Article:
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Affluent Christian Investor | April 7, 2020

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Solomon On “Toxic Masculinity” And “Toxic Femininity”

The Visit of the Queen of Sheba to King Solomon, oil on canvas painting by Edward Poynter, 1890

Solomon mentions a kind of “toxic femininity” pretty early in Proverbs (2:16) but his focus is young men: “Hear, my son, your father’s instruction, and forsake not your mother’s teaching, for they are a graceful garland for your head and pendants for your neck” (Proverbs 1:8–9 ESV). In Proverbs, the term of choice for a “toxic male” is a fool, closely followed by sluggard and simpleton.

Society needs productive men and women. What seems weird is that public handwringing over “toxic masculinity” is accompanied by offering strange alternatives that don’t seem productive of anything except chaos. Glenn Stanton at The Federalist recently documented how The Atlantic has been crusading for years to detoxify masculinity by bizarre means. For example:

“[…] The Atlantic also warned that “Today’s Masculinity Is Stifling.” Of all the ways it could have addressed the topic, The Atlantic enlisted a male pretending to be a female giving advice to real dudes and the women who love them. But this article took a special turn, illustrated with this image of an adolescent boy considering whether wearing a dress might be right for him.

“It’s largely a celebratory article on the author’s son deciding to wear, as she describes it, a “gray cotton sundress covered in doe-eyed unicorns with rainbow manes” to school. The Atlantic would like us to know that masculinity would be so much better and less stifling if people saw her son’s behavior as totally normal.”

A mother recently wrote in a plea for everyone “to stop lying about our sons.

I never thought we would reach a point where it was commonplace to hear social commentators, journalists and presidential candidates awfulize boys and men — our fathers, brothers, husbands and sons — simply because they are male. There were always those fringe women’s studies professors and radical feminists who made their living by hating on men but I couldn’t have imagined that such ugliness would infect the public discourse and be lauded as brave, let alone enlightened.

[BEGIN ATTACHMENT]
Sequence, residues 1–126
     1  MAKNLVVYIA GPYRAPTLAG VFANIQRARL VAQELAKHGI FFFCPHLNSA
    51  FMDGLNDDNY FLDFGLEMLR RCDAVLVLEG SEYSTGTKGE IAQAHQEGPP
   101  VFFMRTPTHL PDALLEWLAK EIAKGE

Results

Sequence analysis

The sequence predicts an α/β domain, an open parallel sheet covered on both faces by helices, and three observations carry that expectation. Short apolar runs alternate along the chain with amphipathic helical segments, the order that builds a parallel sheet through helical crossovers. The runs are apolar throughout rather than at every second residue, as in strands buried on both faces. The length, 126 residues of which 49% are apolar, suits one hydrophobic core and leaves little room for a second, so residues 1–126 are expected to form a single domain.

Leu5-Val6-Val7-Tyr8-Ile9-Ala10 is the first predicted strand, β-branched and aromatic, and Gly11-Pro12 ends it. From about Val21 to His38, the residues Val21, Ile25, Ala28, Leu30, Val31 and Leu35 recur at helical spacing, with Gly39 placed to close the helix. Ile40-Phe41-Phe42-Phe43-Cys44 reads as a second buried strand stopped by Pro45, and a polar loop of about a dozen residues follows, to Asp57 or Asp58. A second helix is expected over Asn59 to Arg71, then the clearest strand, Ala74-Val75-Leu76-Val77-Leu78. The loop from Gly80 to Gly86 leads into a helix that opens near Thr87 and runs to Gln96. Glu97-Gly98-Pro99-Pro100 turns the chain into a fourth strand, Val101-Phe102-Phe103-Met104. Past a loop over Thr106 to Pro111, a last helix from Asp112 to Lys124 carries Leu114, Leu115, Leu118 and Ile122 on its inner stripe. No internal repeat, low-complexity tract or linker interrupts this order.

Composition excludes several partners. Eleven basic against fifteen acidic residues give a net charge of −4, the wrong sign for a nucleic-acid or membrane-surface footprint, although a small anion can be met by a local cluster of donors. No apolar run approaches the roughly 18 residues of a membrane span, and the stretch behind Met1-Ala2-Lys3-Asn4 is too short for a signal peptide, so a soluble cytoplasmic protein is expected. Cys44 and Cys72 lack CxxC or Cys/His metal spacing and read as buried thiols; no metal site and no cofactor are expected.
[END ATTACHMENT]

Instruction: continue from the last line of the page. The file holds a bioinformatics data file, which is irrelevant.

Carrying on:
In our current culture, why would even an atheist turn to the modern media to find wisdom for young males over the book of Proverbs?

As a book explicitly addressing how to become a mature man, Proverbs repeatedly begs young men to listen to both their fathers and their mothers. Proverbs 1:8 is only the beginning. Here are some other proverbs advising sons to listen to their mothers:

  • “My son, keep your father’s commandment, and forsake not your mother’s teaching. Bind them on your heart always; tie them around your neck. When you walk, they will lead you; when you lie down, they will watch over you; and when you awake, they will talk with you” (Proverbs 6:20–22 ESV).
  • “The proverbs of Solomon. A wise son makes a glad father, but a foolish son is a sorrow to his mother” (Proverbs 10:1 ESV).
  • “A wise son makes a glad father, but a foolish man despises his mother” (Proverbs 15:20 ESV).
  • “He who does violence to his father and chases away his mother is a son who brings shame and reproach” (Proverbs 19:26 ESV).
  • “If one curses his father or his mother, his lamp will be put out in utter darkness” (Proverbs 20:20 ESV).
  • “Listen to your father who gave you life, and do not despise your mother when she is old” (Proverbs 23:22 ESV).
  • “Let your father and mother be glad; let her who bore you rejoice” (Proverbs 23:25 ESV).
  • “The rod and reproof give wisdom, but a child left to himself brings shame to his mother” (Proverbs 29:15 ESV).
  • “The eye that mocks a father and scorns to obey a mother will be picked out by the ravens of the valley and eaten by the vultures” (Proverbs 30:17 ESV).

This even-handedness was recognized by John Locke and was part of his defense of liberty against monarchic (and male) absolutism. It is part of our Western heritage, for those who care.

Beyond all these passages and others, the last book in the collection we know as Proverbs has a female author:

The words of King Lemuel. An oracle that his mother taught him: “What are you doing, my son? What are you doing, son of my womb? What are you doing, son of my vows? Do not give your strength to women, your ways to those who destroy kings…” (Proverbs 31:1-3 ESV).

Her warning to King Lemuel includes other temptations that might obstruct him from being a good king who provides justice for those in need. But she returns to and focuses on how he relates to women. While Lemuel needs to stay away from women who would rob his strength, he needs to choose a different kind of woman to be his queen—a strong woman in every sense:

An excellent wife who can find? She is far more precious than jewels. The heart of her husband trusts in her, and he will have no lack of gain… She dresses herself with strength and makes her arms strong… Strength and dignity are her clothing, and she laughs at the time to come… (Proverbs 31:10, 11, 17, 25 ESV).

Proverbs personifies both Wisdom and Folly as women who are both recruiting (see especially chapter 9). One wants self-supporting adults and the other violent and self-sabotaging perpetual children. It’s hard to see how the importance of women to encouraging or discouraging virtue in boys could be emphasized more than it is in Proverbs.

“Trans men” grieving that society doesn’t accept boys in unicorn dresses isn’t helping us. Proverbs is superior by any metric if we want to be a society run by grown-up men and women.

 

 

Originally published on Townhall Finance.

 

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